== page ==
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Archive for May, 2012

From the Glorious Govan Facebook page:

PUBLIC CONSULTATION

The Govan Old Management Group invites you to join it for
a discussion about:
– plans for the future of Govan Old
– the redisplay of the Govan Stones
– conservation of the church graveyard
– wider developments
at
Govan Old Church
866 Govan Rd (adjacent Pearce Institute)
Prof Steve Driscoll of Glasgow University Archaeology Department will chair a Question & Answer session following short presentations by:
– Pat Cassidy, Govan Workspace
– Peter Miller, Land & Environmental Services, Glasgow City Council
– Dr. Susan Buckham, Kirkyard Consulting
– Richard East, City Design Co-operative
Wed 30 May, 7pm

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Replica of the Jordanhill Cross at Govan

Replica of the Jordanhill Cross at Govan (Photo © B Keeling)


A new website for the carved stones at Govan has recently been launched. It’s one element in a larger project aimed at improving how this unique collection of early medieval sculpture is displayed and publicised.

The stones are housed inside Govan’s old parish church (‘Govan Old’), the front of which can be glimpsed in the above photograph. They comprise one of the largest collections of Celtic sculpture in the British Isles and are well worth seeing. Anyone who appreciates Pictish stonecarving, for instance, should visit Govan to see how the artistic legacy of the Picts inspired and influenced their neighbours in other parts of Scotland. The Govan sculptors developed a distinctive style that spread to the furthest borders of the kingdom of Strathclyde, reaching as far north as Luss and as far south as Hamilton. This ‘school’ of sculpture was characterised by certain features, such as a chunky form of Celtic interlace. To most modern visitors, however, the most recognisable monuments of the ‘Govan School’ are the Viking hogback tombstones.

Here’s what the website says:
Visit Govan Old Church and discover the unique collection of early medieval stones carved in the 9th–11th centuries to commemorate the power of those who ruled the Kingdom of Strathclyde. Explore the 31 monuments dating from this period which include beautifully carved crosses and cross shafts, and 5 magnificent hogback stones. Enjoy the intricate interlace carving and warrior figures on the collection’s outstanding piece – the Govan Sarcophagus, the only one of its kind carved from solid stone from pre-Norman, northern Britain.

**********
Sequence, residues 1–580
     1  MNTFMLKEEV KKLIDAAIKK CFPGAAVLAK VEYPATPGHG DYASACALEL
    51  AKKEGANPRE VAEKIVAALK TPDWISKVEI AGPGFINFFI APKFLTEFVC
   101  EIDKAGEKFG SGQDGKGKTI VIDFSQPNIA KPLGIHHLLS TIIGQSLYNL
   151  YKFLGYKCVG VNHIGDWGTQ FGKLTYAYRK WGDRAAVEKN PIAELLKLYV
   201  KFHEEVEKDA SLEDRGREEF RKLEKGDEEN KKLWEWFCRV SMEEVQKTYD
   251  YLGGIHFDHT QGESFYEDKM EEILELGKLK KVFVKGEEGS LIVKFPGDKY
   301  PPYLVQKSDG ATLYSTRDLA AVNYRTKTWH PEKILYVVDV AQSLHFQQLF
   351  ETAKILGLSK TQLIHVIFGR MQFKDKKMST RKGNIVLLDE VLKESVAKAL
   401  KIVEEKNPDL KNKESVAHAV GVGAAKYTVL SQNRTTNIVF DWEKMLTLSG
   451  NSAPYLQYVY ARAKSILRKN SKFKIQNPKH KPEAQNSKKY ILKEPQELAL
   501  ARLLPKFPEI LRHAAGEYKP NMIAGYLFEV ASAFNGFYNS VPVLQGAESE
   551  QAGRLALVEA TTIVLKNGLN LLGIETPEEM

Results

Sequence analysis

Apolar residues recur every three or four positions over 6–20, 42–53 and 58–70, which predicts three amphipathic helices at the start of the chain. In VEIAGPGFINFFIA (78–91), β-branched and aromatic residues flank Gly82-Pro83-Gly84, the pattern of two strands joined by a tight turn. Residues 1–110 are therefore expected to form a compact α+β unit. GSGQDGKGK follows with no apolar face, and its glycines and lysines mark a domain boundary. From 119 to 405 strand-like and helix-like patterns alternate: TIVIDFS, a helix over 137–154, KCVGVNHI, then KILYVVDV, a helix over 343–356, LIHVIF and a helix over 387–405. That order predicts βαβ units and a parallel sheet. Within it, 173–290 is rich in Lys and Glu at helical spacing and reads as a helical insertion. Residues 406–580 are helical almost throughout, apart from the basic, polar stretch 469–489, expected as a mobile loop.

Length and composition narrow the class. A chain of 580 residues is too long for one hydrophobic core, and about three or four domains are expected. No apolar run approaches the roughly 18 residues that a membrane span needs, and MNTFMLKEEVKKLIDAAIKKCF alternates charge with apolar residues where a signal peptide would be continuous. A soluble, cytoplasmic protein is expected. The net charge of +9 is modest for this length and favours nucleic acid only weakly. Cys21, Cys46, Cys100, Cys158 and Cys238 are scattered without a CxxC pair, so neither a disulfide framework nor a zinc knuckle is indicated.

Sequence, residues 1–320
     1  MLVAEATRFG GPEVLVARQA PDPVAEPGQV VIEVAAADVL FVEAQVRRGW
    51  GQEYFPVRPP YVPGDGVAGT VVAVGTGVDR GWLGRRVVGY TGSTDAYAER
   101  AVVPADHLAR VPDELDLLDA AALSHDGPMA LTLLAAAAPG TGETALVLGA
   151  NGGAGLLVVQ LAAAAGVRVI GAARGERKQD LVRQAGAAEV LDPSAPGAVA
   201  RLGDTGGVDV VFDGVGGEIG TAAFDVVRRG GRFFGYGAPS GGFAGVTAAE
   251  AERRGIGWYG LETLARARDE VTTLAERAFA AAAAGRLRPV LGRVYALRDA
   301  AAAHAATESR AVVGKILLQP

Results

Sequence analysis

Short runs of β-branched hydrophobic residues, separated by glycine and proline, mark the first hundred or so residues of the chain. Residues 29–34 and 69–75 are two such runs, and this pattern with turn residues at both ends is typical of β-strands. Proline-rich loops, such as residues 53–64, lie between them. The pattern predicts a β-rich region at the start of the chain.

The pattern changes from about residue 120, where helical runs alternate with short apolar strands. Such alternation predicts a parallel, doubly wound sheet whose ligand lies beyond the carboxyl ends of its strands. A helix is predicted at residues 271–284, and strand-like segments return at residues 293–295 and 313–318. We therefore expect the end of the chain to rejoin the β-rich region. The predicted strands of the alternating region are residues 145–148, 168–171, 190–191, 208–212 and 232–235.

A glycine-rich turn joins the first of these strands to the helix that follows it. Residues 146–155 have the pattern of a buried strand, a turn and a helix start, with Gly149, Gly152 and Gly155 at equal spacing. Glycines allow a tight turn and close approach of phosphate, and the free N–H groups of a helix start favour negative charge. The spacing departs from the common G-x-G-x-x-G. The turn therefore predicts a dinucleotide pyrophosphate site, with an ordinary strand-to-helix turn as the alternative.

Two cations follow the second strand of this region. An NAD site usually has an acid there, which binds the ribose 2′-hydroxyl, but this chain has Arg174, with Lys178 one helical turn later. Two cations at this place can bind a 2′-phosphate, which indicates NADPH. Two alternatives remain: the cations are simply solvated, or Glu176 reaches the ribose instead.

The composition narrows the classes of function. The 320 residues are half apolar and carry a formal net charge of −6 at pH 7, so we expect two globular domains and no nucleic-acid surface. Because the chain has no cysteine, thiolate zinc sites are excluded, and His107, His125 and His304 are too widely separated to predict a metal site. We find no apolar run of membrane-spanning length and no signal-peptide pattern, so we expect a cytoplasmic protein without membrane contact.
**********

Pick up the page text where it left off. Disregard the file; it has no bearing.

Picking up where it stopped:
Opening times, a location map and contact information for Govan Old are also shown, together with an illustrated timeline of Govan’s history and a slideshow of a visit by Kelvingrove Young Archaeologists. A trail leaflet, with a map of the church interior showing the layout of the stones, is available as a PDF download. Admission to the church is free, as are the guided tours.

Follow the picture link below to go to the website.

The Govan Stones website

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Govan

Govan, c.1930: the shipbuilding yard on the site of the Riverside Estate

In a previous blogpost I mentioned a long-vanished feature of the Govan landscape: the Doomster Hill, the ceremonial mound of the kings of Strathclyde. It belongs to a category of monument that includes Tynwald Hill on the Isle of Man, the Thingmote of Viking Dublin and other ‘parliament hills’ of the early medieval period. In Scotland, the group is also represented by a recently discovered mound at Dingwall and the famous Moot Hill of Scone.

In the mid-1800s the Doomster Hill was destroyed to make space for a shipbuilding yard and no trace of it now survives. Eventually, in the late 20th century, the shipyard itself was demolished, a casualty of the decline of heavy industry on the Clyde. Today, the site of the hill lies under the Riverside Housing Estate.

On Saturday 31st March 2012, on a piece of ground at the edge of the Riverside, an event of profound significance took place. After an interval of 1000 years, the ancient ‘parliament’ of Govan was remembered – and symbolically re-convened – by a gathering of local people. This was more than a nod from present-day Govanites to their ancient heritage. It was an affirmation of continuity, a demonstration of the link between past and present in a part of Govan that has witnessed more than its fair share of change.

A report of the event by Matt Baker, with photographs by Ben Rush, can be found by following this link.

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